Events in Modern Languages & Cultures
LESLIE BROOKS LECTURE: Professor Hoda Elsadda - Gender and Nation: New Directions in the Contemporary Novel in Egypt
It is widely agreed that the rise and development of the modern Arabic novel ran parallel to and intersected with projects of nation-building in the modern period. The novel, as a “modern” genre became one of the main venues/instruments for shaping the contours of the national imaginary, hence a contested site for competing ideologies. In addition, literary historians have identified the “woman question”, or the role of women in the new nation, as one of the main themes that occupied modern Arab writers. Recent scholarship on Arab culture and history has engaged in a critique of the nationalist narrative in general, and of national discourses on gender in particular. This was informed by the surge in scholarship on gender and the nation, as researchers demonstrated that the nation is a gendered construct.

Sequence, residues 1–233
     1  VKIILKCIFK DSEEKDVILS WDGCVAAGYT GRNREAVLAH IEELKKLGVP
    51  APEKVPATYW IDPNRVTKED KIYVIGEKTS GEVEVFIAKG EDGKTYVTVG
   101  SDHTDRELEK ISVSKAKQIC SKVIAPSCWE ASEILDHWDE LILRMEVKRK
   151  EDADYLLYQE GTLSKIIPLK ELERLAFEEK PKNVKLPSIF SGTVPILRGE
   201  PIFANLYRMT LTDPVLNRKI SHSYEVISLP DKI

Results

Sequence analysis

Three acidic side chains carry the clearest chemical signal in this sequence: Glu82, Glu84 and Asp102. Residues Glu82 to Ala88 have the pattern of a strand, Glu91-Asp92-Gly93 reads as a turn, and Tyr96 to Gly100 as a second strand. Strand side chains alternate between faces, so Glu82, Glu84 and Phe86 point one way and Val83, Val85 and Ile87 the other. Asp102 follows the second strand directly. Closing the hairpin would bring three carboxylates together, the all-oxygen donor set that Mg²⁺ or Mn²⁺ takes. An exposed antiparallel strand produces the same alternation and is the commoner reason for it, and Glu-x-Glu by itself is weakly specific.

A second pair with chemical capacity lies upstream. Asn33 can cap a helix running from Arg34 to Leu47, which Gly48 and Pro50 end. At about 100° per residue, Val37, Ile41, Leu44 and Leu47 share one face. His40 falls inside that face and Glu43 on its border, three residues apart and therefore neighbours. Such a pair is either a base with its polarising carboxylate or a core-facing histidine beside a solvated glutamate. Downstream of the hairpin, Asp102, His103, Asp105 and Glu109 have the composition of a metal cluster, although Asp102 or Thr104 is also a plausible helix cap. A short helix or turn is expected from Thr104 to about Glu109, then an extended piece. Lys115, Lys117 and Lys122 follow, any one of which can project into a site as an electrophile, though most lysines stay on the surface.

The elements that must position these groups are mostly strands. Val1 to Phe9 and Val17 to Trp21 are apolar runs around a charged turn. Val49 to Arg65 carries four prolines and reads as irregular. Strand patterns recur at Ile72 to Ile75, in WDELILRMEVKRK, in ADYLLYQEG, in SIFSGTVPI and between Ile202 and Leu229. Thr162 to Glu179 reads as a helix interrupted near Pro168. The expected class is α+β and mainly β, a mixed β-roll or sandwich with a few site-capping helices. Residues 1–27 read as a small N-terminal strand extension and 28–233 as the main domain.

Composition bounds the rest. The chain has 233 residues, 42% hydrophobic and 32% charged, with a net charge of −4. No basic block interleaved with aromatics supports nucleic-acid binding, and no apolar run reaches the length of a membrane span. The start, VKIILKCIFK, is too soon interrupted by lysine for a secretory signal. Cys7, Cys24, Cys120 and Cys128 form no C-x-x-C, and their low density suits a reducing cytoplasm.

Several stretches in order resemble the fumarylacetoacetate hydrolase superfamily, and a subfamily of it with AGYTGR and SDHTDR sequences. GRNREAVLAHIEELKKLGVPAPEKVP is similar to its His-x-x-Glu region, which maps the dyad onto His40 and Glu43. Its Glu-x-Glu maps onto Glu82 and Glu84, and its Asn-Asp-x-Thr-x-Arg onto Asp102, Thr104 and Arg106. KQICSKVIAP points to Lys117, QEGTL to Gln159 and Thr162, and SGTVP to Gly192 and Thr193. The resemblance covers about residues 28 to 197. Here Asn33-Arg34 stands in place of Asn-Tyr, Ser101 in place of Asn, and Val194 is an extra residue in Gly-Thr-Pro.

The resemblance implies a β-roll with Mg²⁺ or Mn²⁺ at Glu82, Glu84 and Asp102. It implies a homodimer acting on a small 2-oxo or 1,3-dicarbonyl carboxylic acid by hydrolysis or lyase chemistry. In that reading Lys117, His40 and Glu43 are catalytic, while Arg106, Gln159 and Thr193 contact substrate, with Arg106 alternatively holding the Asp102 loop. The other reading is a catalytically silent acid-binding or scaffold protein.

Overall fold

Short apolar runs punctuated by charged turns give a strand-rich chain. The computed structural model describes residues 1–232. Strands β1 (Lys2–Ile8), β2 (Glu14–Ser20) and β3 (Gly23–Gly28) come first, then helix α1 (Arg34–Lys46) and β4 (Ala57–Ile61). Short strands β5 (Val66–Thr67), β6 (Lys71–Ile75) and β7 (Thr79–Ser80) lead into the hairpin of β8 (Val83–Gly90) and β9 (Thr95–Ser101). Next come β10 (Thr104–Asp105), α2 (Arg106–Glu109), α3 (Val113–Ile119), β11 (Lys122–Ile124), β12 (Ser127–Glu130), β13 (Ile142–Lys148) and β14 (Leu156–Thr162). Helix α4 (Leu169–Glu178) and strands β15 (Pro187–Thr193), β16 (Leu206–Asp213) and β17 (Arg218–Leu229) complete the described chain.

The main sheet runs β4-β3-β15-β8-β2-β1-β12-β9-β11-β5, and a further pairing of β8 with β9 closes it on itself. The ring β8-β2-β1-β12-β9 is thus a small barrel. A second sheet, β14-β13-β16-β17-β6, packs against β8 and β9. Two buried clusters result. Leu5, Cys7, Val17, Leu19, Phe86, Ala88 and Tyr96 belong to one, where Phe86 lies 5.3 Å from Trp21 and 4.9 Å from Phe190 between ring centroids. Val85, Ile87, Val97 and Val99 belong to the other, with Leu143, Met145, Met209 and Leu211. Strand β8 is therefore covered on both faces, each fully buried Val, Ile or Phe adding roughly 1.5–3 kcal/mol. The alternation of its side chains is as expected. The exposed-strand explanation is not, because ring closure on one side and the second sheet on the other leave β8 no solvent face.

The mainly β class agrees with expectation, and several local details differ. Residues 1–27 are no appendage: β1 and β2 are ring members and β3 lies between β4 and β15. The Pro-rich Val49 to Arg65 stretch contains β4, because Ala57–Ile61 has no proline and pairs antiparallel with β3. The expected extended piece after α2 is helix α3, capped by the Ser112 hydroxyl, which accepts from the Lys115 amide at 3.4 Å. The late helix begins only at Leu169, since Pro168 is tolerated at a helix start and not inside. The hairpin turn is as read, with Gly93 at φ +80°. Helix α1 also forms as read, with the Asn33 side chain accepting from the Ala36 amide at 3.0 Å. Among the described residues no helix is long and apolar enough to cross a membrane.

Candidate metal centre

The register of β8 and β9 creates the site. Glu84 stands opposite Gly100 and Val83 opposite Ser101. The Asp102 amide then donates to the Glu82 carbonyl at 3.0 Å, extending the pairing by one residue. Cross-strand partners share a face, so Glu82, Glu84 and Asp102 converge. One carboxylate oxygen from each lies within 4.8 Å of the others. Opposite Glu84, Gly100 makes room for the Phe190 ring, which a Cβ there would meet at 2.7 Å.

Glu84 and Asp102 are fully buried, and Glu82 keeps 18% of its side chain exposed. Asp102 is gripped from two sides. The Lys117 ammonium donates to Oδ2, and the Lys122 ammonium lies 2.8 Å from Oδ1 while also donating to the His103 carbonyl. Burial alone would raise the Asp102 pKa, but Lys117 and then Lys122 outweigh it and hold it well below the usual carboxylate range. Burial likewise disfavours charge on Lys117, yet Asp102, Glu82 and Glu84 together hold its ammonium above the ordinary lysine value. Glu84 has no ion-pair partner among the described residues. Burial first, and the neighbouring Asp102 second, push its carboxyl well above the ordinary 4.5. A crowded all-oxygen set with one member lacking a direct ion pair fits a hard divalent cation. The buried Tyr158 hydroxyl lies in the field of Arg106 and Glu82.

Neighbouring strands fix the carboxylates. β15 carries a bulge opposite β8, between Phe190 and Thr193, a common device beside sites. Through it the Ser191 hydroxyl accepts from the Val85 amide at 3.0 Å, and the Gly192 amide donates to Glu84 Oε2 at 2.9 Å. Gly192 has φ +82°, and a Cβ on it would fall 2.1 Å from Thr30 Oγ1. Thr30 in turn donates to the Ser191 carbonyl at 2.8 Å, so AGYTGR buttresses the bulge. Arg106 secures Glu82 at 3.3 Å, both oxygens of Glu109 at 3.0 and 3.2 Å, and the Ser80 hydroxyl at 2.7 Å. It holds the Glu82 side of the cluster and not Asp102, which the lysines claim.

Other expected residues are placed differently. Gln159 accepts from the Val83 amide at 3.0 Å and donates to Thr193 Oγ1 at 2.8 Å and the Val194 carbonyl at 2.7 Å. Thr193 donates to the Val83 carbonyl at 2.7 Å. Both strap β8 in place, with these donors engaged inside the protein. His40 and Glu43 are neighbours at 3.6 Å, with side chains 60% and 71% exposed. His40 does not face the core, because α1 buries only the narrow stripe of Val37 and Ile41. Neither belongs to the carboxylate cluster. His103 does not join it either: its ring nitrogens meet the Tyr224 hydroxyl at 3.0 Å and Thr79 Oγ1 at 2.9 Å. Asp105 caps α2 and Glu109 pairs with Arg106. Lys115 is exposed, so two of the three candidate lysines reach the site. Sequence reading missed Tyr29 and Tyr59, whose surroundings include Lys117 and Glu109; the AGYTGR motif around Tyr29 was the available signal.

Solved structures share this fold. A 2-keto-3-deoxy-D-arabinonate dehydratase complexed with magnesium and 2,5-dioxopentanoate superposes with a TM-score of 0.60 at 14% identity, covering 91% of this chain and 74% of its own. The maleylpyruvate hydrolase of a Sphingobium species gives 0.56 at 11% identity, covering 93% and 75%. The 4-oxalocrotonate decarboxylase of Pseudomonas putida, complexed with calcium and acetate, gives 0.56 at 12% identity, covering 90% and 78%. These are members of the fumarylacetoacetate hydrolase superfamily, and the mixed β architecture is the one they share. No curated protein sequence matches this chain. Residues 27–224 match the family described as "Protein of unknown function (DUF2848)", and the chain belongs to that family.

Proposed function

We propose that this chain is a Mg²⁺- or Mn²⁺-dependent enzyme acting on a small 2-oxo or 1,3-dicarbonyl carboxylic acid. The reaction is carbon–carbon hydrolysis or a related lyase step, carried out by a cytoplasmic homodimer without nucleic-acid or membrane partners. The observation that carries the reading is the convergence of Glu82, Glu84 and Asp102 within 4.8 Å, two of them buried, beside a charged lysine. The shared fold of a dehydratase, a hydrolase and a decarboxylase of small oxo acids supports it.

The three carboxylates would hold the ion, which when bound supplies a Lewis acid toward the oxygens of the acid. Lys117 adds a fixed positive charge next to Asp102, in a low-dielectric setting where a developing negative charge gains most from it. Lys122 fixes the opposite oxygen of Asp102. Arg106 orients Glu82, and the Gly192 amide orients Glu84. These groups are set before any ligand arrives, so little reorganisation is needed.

This talk examines the literary production of a new generation of writers who started publishing their work in the 1990s in Egypt. On the one hand, their work has been negatively judged for not being interested in al-qadaya al-kubra (the big issues), and for having relinquished the larger nationalist concerns that characterized the opus of previous generations of writers. On the other hand, they have been saluted for creating an artistic embodiment of the dismal reality of a defeated national project. I will argue that their work interrogates the gendered concept of the nation as it is employed by previous generations of writers. Their writings manifest an exploration and an embodiment of a consciousness that is not limited to fixed points, but inhabits the spaces in-between nations, cultures and identities.
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